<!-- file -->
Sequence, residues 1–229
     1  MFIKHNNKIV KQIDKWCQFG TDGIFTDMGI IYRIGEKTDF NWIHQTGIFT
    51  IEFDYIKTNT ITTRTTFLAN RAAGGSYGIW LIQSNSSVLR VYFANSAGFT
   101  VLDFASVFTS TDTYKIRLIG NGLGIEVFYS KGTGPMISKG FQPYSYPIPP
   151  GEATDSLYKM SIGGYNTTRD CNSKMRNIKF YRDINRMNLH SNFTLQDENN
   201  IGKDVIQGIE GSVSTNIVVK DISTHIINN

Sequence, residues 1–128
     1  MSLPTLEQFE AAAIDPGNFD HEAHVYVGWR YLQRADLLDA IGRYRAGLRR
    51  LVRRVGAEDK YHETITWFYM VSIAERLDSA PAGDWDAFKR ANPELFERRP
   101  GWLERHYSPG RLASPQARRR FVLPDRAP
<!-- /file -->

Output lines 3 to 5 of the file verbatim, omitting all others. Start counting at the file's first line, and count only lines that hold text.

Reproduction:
    51  IEFDYIKTNT ITTRTTFLAN RAAGGSYGIW LIQSNSSVLR VYFANSAGFT
   101  VLDFASVFTS TDTYKIRLIG NGLGIEVFYS KGTGPMISKG FQPYSYPIPP
   151  GEATDSLYKM SIGGYNTTRD CNSKMRNIKF YRDINRMNLH SNFTLQDENN